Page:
The extremes are what describe Martin Wickström’s imagery. On one hand the contemplative reflections from the sun on a house facade, the breathtaking mountain scenes and the nostalgic recaps from family albums. And on the other the muffled sense of war, the documentary elements with photos from the liberation of Paris and the commemorative plaques over Raoul Nordling (as a central element). Notions of family, security and dreams are put next to a threatening and turbulent world – an exhibition scenario that is not vastly different from reality.
Raoul Nordling was the name of the Swedish consul that at the very end of World War II succeeded in eliminating the German threat to demolish Paris, as well as contributing to saving a large number of prisoners.
It is sympathetic that Martin Wickström has put Nordling as the moral center of the exhibition. But that doesn’t mean that he forgets about the importance of the personal: the beloved grandfather’s worn out office chair, for example, exists both as an image and an original object.
When I look at Martin Wickström’s new paintings I am reminded of the animated art discussions of the seventies on the pros and cons of pictorial polarization. Neorealism was in fashion and Ola Billgren was one of the stars. To build images around visual and conceptual extremes was the “language of the future”. Today we might call the method problematic, but back then the notions of theses, antithesis and synthesis were very alluring.
Wickström’s “Stjärnan och matrosen” is a good example of this. (One can compare it to Fassbinder’s sexually liberated movie “The sailor and the star”) By using the polarization of two “incompatible” images value is added, but to be honest it also leads to a slight (deliberate?) conceptual confusion.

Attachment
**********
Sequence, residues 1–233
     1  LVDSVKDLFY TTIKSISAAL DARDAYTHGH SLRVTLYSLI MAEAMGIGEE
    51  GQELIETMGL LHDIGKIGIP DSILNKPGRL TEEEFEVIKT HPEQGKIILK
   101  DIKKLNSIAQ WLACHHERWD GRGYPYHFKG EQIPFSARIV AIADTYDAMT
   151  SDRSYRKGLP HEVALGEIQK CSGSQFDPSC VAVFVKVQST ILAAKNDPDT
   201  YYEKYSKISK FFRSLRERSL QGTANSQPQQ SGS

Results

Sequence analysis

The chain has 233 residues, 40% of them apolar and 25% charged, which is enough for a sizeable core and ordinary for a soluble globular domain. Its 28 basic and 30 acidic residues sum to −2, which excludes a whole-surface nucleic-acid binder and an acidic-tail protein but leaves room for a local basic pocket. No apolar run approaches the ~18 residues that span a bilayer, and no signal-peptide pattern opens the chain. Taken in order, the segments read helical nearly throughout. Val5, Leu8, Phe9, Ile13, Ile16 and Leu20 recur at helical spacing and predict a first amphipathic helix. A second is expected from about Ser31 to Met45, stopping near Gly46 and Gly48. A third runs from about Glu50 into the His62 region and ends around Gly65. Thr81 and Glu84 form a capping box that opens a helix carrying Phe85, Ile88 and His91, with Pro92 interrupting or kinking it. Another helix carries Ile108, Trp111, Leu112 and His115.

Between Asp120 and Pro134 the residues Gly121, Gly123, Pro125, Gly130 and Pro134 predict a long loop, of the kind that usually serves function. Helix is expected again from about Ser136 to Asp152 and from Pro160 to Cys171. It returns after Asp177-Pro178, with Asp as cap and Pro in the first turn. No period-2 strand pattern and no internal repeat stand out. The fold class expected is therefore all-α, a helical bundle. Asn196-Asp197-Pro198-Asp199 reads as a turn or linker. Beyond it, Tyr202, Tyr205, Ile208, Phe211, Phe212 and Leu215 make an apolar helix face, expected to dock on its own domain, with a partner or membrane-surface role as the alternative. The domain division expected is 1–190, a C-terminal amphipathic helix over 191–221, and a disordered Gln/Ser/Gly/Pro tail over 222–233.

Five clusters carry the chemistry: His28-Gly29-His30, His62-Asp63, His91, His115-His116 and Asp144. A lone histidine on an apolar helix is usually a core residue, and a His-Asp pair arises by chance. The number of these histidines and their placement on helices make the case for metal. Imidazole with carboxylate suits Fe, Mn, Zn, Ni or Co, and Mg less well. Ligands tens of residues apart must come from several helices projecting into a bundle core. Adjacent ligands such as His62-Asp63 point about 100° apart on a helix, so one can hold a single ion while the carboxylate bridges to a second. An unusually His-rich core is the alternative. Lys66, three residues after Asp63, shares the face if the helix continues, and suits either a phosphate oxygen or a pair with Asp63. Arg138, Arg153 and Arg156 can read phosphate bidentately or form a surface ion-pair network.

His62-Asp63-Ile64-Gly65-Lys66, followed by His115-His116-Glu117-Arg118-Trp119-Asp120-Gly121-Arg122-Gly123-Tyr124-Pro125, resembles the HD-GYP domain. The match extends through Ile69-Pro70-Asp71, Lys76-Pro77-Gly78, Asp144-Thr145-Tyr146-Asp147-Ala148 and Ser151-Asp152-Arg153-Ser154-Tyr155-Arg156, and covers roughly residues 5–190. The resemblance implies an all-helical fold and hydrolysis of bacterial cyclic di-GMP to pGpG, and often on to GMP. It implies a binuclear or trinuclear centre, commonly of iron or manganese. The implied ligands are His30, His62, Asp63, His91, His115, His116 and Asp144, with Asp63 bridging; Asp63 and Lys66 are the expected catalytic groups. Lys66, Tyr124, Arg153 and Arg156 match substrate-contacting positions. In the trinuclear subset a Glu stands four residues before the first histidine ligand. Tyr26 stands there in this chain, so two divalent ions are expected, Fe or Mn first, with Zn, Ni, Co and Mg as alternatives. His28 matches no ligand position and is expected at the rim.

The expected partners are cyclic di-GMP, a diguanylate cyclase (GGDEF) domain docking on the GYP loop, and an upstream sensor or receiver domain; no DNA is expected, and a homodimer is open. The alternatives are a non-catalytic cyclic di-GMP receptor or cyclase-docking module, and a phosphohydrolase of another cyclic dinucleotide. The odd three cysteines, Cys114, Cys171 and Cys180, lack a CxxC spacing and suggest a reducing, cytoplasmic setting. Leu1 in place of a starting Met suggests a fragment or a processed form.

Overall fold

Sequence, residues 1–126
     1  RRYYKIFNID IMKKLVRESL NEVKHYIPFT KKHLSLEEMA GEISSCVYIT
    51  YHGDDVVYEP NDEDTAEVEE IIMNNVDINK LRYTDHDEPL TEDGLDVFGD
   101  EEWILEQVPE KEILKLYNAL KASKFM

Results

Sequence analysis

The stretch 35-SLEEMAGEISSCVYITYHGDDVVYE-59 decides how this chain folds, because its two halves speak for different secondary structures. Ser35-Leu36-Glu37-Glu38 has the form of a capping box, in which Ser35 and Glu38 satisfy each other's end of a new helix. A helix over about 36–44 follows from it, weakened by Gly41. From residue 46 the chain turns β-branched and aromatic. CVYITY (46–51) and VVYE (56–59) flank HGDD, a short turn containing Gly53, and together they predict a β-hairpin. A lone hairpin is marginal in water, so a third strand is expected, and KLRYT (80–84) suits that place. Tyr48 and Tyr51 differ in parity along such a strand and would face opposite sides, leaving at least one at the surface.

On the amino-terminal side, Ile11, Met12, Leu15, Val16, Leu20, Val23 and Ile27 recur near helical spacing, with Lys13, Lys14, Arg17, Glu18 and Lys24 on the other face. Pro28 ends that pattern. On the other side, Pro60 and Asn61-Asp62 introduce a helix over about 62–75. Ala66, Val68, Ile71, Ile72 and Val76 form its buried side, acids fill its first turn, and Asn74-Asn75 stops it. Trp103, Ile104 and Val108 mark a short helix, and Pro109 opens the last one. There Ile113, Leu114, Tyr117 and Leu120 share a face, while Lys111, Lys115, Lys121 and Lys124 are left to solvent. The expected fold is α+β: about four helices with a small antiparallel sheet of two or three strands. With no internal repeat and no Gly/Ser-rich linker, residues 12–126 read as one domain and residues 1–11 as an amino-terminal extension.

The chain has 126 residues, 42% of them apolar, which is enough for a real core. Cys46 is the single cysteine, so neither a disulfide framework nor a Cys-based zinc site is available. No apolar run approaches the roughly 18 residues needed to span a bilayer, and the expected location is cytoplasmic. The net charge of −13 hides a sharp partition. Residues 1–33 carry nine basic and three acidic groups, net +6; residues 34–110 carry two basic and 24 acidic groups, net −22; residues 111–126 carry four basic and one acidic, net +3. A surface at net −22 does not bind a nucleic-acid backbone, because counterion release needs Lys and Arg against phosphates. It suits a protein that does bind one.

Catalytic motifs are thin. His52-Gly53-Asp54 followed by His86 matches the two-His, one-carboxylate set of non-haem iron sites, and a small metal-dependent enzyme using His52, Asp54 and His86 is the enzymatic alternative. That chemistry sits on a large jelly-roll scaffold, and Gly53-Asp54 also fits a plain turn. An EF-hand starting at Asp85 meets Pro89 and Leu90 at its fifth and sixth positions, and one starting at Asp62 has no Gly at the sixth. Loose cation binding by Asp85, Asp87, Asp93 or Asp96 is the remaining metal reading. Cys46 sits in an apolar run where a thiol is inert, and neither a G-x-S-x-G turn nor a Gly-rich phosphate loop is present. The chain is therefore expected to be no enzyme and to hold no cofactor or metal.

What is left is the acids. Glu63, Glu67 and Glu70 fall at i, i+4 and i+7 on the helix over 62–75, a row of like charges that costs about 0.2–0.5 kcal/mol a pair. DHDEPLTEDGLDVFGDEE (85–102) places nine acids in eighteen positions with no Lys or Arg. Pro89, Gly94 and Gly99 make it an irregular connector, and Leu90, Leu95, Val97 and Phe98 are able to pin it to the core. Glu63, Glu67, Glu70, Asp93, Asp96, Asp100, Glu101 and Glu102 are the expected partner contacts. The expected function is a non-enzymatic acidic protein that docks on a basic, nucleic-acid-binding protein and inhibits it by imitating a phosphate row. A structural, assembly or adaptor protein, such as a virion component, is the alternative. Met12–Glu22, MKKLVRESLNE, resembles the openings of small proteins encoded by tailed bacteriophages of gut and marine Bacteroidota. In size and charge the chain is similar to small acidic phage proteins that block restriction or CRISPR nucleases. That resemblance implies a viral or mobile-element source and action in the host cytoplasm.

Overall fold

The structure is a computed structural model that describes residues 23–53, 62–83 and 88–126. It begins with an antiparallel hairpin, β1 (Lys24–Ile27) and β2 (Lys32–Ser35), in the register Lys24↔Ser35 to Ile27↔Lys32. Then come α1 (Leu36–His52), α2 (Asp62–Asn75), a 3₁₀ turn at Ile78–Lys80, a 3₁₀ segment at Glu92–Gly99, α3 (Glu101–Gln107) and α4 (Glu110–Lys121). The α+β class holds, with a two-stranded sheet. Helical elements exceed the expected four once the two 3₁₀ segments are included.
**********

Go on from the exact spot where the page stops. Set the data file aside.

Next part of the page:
In the large group of alp landscapes it is more a question of images interacting with each other than being opposites. Eighteen thematically similar paintings are hung next to each other in an almost shrine-like presentation, and you get a feeling of something more reserved and distanced.
Opposites are great, but what really captivates you in this current exhibition is the retrospective and contemplative parts, mainly the parts that touch upon the violent history of Europe. “Europa” is also the title of the exhibition. For everyone who is familiar with the descriptions of the occupation in the works of Patrick Modiano, the recognition is clear. In the showcase “French Connection” (a for the artist typical assemblage) Martin Wickström is approaching the French writer’s domains. The presentation in the inner room, with the painting “Charlotte” in the center, brings out associations to the young and irremediably lost that Modiano often return to. That work occupies figuratively and literally a central position of distinct gravity and eternal immediacy.
omkonst.nu 9/9 2015